SHIMAOKA TATSUZŌ was the foremost pupil of Hamada Shoji (1894-1978) and, until his death, was regarded as Japan's leading folk craft potter. Shimaoka's signature style, known as "Jomon-zogan" in Japanese, combines cord-impressed decoration and the white-slip inlay technique used in Punch'ong ware, popular during the Chōson Dynasty of Korea. Shimaoka's use of a variety of glazes enhanced the richness of his folk style tableware. He also successfully developed a Western-influenced salt glaze technique that Hamada had first introduced. For his mastery of the Jōmon technique of rope-impressed stoneware, he was named a Living National Treasure in 1996. He was a remarkably influential teacher of a new generation of ceramists.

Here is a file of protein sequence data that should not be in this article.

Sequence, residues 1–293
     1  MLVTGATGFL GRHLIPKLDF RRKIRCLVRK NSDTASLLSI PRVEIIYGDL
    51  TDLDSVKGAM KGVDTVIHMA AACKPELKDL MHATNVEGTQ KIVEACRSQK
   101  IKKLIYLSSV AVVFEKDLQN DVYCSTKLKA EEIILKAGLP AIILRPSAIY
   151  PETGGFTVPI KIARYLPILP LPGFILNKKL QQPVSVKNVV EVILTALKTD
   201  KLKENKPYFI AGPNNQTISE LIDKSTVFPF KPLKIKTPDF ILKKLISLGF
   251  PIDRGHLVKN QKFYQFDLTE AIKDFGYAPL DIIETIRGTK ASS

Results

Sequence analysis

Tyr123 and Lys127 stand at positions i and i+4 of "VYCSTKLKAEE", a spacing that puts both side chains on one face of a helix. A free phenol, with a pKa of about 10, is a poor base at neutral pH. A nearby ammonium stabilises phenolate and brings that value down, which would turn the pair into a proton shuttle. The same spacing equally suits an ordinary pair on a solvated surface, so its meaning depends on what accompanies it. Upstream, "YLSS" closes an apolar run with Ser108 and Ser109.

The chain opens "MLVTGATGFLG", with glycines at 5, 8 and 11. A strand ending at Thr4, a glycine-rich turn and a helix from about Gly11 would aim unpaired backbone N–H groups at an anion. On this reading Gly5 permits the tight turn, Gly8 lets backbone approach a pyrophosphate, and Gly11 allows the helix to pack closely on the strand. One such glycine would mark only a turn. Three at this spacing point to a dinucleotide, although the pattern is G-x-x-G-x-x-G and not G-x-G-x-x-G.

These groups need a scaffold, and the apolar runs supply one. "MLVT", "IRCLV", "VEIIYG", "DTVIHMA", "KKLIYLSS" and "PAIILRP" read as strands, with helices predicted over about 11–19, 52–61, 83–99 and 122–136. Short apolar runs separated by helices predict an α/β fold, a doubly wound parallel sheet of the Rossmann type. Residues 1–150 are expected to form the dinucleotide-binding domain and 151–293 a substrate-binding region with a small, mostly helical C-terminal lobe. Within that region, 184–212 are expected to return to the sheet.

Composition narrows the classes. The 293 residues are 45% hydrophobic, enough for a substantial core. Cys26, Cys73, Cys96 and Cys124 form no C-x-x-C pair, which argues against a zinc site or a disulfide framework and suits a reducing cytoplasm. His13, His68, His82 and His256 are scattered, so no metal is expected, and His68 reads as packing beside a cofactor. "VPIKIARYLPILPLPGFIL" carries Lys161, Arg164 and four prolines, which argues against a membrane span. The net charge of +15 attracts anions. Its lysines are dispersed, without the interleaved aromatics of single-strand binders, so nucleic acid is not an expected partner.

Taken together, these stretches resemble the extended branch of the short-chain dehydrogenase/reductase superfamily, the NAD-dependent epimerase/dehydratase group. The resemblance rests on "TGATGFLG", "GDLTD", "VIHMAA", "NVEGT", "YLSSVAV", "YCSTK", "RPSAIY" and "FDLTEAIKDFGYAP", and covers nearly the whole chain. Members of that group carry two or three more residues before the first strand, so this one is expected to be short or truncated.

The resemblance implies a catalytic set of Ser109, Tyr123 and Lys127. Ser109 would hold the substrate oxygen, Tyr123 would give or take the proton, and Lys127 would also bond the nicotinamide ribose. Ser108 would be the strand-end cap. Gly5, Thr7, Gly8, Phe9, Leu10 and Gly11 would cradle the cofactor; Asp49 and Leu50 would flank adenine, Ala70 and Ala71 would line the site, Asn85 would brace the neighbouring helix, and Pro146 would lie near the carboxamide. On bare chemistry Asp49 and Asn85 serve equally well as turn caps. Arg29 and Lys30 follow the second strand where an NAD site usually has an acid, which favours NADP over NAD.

Rope-impressed patterned platter with dark iron-oxide ladle-poured glazing
5 1/4 x 21 5/8 in.
Rope-impressed large circular platter
5 7/8 x 22 3/8 inches
Vase with lightly visible impressed-rope pattern design and tapered neck, ca. 1987
13 x 9 3/4 x 9 3/4 in.
Black-glazed, rope-impressed large circular platter
4 1/2 x 22 1/2 inches
Flattened flask with raised mouth
10 1/4 x 7 1/2 in.